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Get Woke: How to Include DEI in Hybrid Work Strategizing


Multi-colored wooden figurines on a blackboard to show diversity
Image: Esin Deniz -
Hands-down, workplace strategists planning the return to office see finding ways to help people renew their connections with each other and collaborate effectively in far-flung teams as top priorities. But the hybrid work model also affords enterprises the opportunity to take a hard look at the nature of the workplace and corporate culture. But not every organization is taking advantage.
The approach to diversity, equity, and inclusion (DEI) as part of hybrid work planning is particularly telling, Melissa Marsh, executive director of PLASTARC, a social science-based workplace consultancy, shared in the latest of our ongoing series of WorkSpace Connect briefings. Only the most “sufficiently woke” organizations are “rethinking what was and wasn’t equitable in the workplace as previously structured and trying to think about how we go back to something else,” she said.
Applying DEI awareness to hybrid work strategy leads to reflection on questions such as: Who has and hasn’t been able to keep their jobs in the last year, and why? If we bring people back to the office, who benefits from that, and who doesn’t benefit from it? Pre-COVID, how much did the underlying assumption of “see and be seen” affect workplace operations? Sufficiently woke organizations are thinking, “‘What is inherently inequitable about the way we’ve mandated people being co-located, and who does and doesn’t benefit from that?’” Marsh said.
In terms of who bears the brunt of a return-to-office decision, a gender imbalance would be an easy spot, common from one workplace to workplace. Especially in light of the “Great Resignation” trend, Marsh said she sees organizations looking more broadly to determine “if people are quitting because they don’t see a future for themselves at an organization where they don’t see people who look like them.”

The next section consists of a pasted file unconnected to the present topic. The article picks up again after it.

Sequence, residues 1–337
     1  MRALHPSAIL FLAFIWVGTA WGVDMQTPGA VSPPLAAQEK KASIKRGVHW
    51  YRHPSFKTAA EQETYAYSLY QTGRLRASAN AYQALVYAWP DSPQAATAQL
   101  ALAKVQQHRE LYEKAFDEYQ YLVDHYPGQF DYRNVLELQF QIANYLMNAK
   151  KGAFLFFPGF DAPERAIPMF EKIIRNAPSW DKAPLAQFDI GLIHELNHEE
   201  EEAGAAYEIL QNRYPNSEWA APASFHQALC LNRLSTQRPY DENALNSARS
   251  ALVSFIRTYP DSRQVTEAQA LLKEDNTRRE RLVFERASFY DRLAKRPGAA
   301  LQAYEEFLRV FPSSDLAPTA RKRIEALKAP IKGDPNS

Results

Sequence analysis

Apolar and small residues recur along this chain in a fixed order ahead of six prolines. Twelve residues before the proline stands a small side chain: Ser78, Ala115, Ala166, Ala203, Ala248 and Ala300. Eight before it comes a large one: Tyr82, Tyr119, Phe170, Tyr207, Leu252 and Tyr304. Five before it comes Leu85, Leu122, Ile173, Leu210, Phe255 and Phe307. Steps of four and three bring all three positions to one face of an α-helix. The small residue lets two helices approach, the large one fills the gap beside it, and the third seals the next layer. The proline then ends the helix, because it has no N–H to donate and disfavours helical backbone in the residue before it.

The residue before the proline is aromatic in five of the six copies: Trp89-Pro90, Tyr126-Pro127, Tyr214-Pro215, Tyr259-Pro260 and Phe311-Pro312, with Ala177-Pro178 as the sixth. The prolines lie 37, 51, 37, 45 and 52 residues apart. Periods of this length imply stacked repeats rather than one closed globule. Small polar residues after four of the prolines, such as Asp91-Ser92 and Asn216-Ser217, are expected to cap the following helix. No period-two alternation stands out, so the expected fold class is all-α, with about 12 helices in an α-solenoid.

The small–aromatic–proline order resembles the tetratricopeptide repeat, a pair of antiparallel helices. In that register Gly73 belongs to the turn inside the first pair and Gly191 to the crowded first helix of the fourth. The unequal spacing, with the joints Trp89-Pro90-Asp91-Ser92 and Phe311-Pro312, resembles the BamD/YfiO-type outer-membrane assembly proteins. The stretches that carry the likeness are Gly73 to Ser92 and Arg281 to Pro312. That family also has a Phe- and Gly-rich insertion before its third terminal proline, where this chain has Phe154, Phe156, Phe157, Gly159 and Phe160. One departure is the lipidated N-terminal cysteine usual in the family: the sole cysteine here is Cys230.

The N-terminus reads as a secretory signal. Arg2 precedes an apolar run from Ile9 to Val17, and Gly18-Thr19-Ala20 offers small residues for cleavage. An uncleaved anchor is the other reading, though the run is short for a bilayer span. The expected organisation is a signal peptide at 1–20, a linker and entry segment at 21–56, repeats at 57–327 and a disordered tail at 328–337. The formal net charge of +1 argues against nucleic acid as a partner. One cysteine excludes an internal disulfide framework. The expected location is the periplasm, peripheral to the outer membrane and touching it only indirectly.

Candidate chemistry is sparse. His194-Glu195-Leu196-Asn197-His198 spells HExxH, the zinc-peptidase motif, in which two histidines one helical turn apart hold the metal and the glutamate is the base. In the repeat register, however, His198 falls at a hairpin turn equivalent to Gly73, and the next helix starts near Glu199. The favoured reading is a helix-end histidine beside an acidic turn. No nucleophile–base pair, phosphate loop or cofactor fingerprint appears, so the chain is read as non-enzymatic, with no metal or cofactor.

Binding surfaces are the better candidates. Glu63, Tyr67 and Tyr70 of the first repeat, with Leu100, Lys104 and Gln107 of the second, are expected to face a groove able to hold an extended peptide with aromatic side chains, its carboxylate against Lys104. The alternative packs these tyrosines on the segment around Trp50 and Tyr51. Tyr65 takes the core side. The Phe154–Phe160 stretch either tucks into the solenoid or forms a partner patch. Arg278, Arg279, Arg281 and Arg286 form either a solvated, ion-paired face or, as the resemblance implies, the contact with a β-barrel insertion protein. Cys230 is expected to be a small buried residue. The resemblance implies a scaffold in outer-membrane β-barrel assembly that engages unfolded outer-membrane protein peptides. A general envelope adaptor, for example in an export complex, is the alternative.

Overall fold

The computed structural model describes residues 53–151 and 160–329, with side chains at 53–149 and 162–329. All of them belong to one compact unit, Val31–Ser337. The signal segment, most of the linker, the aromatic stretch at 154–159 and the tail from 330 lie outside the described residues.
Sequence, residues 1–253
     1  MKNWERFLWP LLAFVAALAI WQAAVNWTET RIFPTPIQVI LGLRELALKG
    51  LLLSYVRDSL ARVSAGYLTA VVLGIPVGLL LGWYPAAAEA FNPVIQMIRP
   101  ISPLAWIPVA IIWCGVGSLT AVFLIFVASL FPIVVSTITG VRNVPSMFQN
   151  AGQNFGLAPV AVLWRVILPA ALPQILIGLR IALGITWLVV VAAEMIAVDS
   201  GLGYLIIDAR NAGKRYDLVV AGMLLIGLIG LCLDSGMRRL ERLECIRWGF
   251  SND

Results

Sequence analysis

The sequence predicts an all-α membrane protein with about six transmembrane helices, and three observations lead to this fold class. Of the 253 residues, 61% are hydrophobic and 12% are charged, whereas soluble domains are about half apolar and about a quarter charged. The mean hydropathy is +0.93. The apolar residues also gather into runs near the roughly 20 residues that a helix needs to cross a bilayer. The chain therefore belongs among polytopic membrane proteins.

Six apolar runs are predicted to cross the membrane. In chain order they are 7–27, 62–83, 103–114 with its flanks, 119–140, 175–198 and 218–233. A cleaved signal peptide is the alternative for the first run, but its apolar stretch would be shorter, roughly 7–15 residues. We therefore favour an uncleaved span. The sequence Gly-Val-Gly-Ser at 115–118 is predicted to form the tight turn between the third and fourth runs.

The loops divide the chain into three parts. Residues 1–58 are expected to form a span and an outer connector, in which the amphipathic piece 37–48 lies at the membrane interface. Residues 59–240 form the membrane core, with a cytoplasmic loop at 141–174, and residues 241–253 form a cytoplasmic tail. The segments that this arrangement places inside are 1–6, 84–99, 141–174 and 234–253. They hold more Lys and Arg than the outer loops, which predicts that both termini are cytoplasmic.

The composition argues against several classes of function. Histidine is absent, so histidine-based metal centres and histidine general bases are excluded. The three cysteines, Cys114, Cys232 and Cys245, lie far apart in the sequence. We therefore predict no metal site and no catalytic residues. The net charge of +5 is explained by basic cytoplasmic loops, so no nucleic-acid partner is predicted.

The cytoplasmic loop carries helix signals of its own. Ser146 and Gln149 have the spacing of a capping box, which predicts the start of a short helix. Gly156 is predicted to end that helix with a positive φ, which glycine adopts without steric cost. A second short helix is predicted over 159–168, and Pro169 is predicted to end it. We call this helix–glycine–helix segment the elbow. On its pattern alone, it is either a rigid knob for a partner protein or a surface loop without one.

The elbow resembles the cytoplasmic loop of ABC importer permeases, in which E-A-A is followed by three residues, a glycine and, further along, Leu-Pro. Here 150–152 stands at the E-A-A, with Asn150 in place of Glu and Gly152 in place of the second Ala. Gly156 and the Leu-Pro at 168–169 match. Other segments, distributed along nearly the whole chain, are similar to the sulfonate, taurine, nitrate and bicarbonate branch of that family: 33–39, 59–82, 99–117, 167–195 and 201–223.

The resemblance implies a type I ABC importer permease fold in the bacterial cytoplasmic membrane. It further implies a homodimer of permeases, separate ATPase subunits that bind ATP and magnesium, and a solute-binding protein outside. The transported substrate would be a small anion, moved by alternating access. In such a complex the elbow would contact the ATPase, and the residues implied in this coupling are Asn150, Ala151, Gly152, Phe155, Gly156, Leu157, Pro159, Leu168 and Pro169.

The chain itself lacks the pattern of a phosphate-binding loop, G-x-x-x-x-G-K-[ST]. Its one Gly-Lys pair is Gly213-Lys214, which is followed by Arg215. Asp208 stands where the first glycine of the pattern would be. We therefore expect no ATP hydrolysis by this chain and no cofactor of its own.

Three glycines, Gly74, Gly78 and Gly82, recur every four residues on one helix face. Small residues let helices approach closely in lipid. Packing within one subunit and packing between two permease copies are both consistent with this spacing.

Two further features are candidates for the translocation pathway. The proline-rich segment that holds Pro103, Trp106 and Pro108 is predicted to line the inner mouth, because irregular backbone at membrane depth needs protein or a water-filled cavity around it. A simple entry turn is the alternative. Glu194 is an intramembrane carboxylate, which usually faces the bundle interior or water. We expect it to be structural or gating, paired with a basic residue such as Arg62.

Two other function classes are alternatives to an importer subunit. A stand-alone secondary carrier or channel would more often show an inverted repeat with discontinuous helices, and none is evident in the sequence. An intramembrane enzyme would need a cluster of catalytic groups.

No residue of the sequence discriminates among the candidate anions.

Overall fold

And many are leaving for that reason. Now that people have been away from the office, they can assess their workplaces with a clinical eye, almost as objective outside observers, Marsh said. “Does this place look like me?” is one of the questions on their minds, she added.
With this recognition, enterprises must get down to the brass tacks of how they factor DEI into the rethink around and budgeting for hybrid work. “Now that we’ve collectively agreed that the workplace is less equitable than we thought it was,” Marsh said, “how are we going to spend our resources differently to ameliorate that?” And this, she added, is where the DEI strategy intersects with technology and facilities/real estate in future-of-work planning.
“There are so many things about a future hybrid work environment where the physical technology for the workplace is pretty mediocre,” Marsh said. “There’s tons of invention yet to happen, should companies choose to spend their time on it rather than just saying, ‘Get back here.’”